Mary-Jayne Rust is an art therapist, a Jungian analyst, a feminist psychotherapist and an ecopsychologist. She runs a small private practice seeing individuals in North London, and also gives talks, workshops and courses and seminars in the field of ecopsychology. She is the editor, with Nick Totton, of the recently published Vital Signs: Psychological Responses to Ecological Crisis. We spoke recently by Skype, and I started by asking her “what exactly is ecopsychology?”
“The first thing to say is that it’s one of those funny questions because you can’t ever give a proper definition because it’s an incredibly diverse and wide field. But this is where I always start because obviously I often get asked that question so I start with. It faces in two directions and the first direction is facing outwards. How can we bring a psychological lens to the collective shift that we’re trying to make towards sustainability?
It seems that we have many of the practical solutions to be able to make that shift, and it would also seem, if we listen to the media, that really that arena of politicians and environmentalists, I know that’s got nothing to do with us but actually when you look at the situation it would appear as if we’re really very stuck and it’s very difficult still for people to really face into this very urgent situation and think about it.
So I would say we have a psychological problem. I know that’s not the only reason why we’re stuck, but it’s psychological in part and we need some psychological help in many different ways. So an example of that would be: an organisation called Carbon Conversations set up by a psychotherapist called Rosemary Randal, who has gone into lots of different organisations, NGOs, working in the area of sustainability, helping them to think about how we might communicate climate change. It’s not just about ramming dry facts down people’s throats, it’s actually how do you engage people in this very difficult subject.
There are many other examples I could give, but I said two directions, so the other direction would be facing inwards. How does the bigger picture affect us personally. This is the first hurdle in a way where people get stuck, because it’s so overwhelming when we face into it. We feel a lot of grief, rage, despair and impotence. Particularly impotence I think, because when people look out there, they just don’t know when to start. Many, many people want to make a difference but they go to where they feel they can make a difference.
How can we help people begin to unpack that first of all? Joanna Macy and John Seed were two environmental activists in the 1980s who realised that if you didn’t take account of your feelings in the process of being an activist, you would very likely burn out, because most activists want to stay positive and they are afraid of admitting their sense of, at times “oh my God I’m not making a difference, this is all hopeless”, and so they would keep it to themselves and that would begin to eat away at them; whereas if collectively we can have safe containers to admit how we’re feeling at times, it’s like a natural cycle. We admit it, we go through a process. We come out the other side feeling empowered.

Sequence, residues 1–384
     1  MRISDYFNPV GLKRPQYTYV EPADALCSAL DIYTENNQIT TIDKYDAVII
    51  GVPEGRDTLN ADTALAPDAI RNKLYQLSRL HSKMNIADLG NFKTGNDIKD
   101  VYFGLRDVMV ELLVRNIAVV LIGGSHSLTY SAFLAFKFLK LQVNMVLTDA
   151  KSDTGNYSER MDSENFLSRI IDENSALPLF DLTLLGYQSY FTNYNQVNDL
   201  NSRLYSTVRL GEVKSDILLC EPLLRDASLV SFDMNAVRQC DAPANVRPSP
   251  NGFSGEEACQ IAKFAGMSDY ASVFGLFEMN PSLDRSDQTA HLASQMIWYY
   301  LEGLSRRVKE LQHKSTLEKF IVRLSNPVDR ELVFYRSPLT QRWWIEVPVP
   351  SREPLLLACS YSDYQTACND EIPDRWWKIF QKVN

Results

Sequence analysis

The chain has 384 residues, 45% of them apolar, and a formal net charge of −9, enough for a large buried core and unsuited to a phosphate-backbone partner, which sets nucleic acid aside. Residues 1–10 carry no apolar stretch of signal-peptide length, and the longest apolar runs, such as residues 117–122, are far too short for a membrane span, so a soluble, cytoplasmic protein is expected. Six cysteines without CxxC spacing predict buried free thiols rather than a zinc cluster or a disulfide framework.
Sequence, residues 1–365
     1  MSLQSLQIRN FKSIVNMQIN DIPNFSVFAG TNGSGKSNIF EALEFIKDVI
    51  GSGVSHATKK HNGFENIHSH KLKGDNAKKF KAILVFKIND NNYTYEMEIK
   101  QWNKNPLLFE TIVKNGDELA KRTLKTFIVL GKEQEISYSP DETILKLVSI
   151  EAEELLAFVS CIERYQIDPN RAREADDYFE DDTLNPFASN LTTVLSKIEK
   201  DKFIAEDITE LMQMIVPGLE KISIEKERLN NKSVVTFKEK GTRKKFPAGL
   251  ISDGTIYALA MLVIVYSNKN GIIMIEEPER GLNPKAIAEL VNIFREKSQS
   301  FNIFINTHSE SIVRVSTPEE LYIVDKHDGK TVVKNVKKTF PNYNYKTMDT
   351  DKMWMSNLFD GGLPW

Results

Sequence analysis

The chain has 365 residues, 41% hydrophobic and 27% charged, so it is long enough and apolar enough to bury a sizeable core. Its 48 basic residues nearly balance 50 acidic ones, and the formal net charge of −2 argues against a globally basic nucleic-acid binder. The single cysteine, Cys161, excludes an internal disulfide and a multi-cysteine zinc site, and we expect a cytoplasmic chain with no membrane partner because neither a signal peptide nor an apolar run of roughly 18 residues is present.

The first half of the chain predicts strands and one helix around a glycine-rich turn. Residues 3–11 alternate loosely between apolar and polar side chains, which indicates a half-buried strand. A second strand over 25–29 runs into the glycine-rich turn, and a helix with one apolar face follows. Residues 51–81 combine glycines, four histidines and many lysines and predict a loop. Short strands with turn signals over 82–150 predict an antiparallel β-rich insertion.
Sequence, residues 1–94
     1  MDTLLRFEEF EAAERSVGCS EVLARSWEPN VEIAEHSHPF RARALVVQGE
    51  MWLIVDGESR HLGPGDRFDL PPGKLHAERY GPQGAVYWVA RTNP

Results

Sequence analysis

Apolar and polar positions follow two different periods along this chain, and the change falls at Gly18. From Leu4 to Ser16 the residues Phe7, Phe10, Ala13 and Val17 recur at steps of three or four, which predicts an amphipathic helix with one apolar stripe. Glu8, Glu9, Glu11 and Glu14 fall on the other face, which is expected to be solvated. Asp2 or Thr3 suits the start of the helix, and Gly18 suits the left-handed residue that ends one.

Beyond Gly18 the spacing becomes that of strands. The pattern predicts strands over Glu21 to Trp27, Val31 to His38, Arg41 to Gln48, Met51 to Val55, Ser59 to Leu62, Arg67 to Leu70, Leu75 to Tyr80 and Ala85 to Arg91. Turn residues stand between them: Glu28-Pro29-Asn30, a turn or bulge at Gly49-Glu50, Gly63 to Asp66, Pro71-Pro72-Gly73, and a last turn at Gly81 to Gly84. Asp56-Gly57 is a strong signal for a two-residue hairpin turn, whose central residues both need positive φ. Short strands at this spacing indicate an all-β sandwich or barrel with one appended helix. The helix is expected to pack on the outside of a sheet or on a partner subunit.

Ecopsychology is also about just generally not to do with the crisis but our human relationship with the non-human world. Psychotherapists concentrate on human to human relationships and our relationship to self. We tend to think if we go to see a therapist we’re going to talk about our personal problems and that’s usually to do with the marriage that’s not working, problems at work etc. Ecopsychology would say that actually we’re all born into a place and into a piece of land. We have very important relationships when we grow up with pets, with trees, with the sea, with the elements. With all manner of things to do with non-human relationships. And this is absolutely essential in terms of making us human.
You can see it all over the place, can’t you, that people long for this relationship, because at the moment we’re pretty cut off from it, I would say. It’s not just about our relationship with the non-human world out there, because that teaches us about ourselves as animals. It’s about our animal self. How I relate to my intuition or my instinct. How do I smell my way through life, rather than just relying on my head and trying to make decisions. This is what happens in this culture, isn’t it?
We’re taught to use our mind and our thinking and our rationality, but there’s all kinds of other parts of ourselves that are very important in terms of making decisions. Actually, we’re very good at knowing things. We have a great deal of knowledge. But I would say that our culture at the moment is lacking in wisdom. Wisdom comes through head, heart and hand, which you know a great deal about, but through being embodied, through using all aspects of ourselves. It’s when we go out and spend time outdoors that we begin to feel more embodied.